The good folks on the internet, notably the CouchDB docs and a question on StackOverflow “CouchDB .view file growing out of control”.

Among our findings we came upon this link to the Compaction page in the CouchDB Documentation.

My compatriot Jeff Hagadorn and I were both looking into identifing the design view names, and he beat me to the solution:

bash -c \'for x in checksums clients cookbooks data_bags environments id_map nodes roles sandboxes users; do curl -H "Content-Type: application/json" -X POST http://localhost:5984/chef/_compact/$x ; done\'

(I had found a posting on the couchdbkit Google Group describing a script a user had written to solve this very problem here, if you prefer a Python-based solution which doesn’t require you to know your view names.)

After doing that, our disk was in a much healthier state, and our chef-db-compact recipe now looks like this:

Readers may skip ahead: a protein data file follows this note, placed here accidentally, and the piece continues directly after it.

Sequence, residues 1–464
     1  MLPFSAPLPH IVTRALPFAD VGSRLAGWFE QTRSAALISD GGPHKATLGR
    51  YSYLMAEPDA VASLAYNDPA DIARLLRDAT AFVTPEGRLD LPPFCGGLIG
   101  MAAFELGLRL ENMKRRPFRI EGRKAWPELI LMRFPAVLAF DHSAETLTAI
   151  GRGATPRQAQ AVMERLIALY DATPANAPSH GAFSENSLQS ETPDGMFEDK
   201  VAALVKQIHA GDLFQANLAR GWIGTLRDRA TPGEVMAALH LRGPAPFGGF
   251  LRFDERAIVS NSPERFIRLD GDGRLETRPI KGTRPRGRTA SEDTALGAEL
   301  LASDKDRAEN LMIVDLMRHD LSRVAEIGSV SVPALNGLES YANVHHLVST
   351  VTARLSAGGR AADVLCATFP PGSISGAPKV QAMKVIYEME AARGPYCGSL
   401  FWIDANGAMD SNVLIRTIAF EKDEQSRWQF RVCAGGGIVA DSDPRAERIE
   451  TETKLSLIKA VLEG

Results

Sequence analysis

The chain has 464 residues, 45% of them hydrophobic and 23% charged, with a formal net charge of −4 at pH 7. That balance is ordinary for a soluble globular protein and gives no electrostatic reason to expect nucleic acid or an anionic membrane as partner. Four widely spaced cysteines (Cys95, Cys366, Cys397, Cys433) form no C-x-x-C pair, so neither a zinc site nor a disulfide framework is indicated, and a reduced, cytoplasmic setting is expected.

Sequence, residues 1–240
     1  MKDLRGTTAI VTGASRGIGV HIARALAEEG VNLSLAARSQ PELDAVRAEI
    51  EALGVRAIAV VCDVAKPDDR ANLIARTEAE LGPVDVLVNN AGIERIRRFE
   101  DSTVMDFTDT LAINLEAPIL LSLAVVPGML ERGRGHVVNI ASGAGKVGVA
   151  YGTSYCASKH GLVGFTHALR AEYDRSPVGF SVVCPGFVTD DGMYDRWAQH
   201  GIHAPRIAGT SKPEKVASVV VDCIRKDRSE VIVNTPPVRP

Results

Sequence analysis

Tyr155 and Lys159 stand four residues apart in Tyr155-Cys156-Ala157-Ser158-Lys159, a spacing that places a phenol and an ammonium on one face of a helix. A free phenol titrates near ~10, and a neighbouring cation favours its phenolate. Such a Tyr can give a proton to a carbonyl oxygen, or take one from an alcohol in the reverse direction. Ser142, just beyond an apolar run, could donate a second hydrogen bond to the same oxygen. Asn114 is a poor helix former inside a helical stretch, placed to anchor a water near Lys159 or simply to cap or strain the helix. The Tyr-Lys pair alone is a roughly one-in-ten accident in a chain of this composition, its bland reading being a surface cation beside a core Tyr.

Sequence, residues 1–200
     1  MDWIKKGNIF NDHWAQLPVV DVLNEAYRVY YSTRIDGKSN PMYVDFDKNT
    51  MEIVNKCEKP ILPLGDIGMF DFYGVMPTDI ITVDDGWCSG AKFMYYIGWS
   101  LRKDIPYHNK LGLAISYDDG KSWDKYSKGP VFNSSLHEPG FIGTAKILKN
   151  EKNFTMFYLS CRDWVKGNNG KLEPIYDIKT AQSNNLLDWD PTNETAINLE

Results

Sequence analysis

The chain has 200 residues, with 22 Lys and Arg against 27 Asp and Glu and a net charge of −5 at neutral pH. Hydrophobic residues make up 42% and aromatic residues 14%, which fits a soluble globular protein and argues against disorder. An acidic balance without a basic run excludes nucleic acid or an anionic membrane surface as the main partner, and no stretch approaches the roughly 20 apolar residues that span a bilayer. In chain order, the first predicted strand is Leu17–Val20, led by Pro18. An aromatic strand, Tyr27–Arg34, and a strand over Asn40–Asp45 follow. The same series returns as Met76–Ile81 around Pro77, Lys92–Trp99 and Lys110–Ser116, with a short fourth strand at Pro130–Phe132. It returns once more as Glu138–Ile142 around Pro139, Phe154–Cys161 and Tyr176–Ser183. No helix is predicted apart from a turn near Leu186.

cron 'Compact Chef DB' do
  user 'nobody'
  weekday '1'
  hour '4'
  minute '0'
  command 'curl -X POST http://localhost:5984/chef/_compact'
end

 cron 'Compact Chef Views' do
   user 'nobody'
   weekday '1'
   hour '5'
   minutes '0'
   command 'bash -c \'for x in checksums clients cookbooks data_bags environments id_map nodes roles sandboxes users; do curl -H "Content-Type: application/json" -X POST http://localhost:5984/chef/_compact/$x ; done\''
 end

which produces a crontab that looks like this:

# Chef Name: Compact Chef DB
 0 4 \* \* 1 curl -X POST http://localhost:5984/chef/_compact
 # Chef Name: Compact Chef Views
 0 5 \* \* 1 bash -c 'for x in checksums clients cookbooks data_bags environments id_map nodes roles sandboxes users; do curl -H "Content-Type: application/json" -X POST http://localhost:5984/chef/_compact/$x ; done'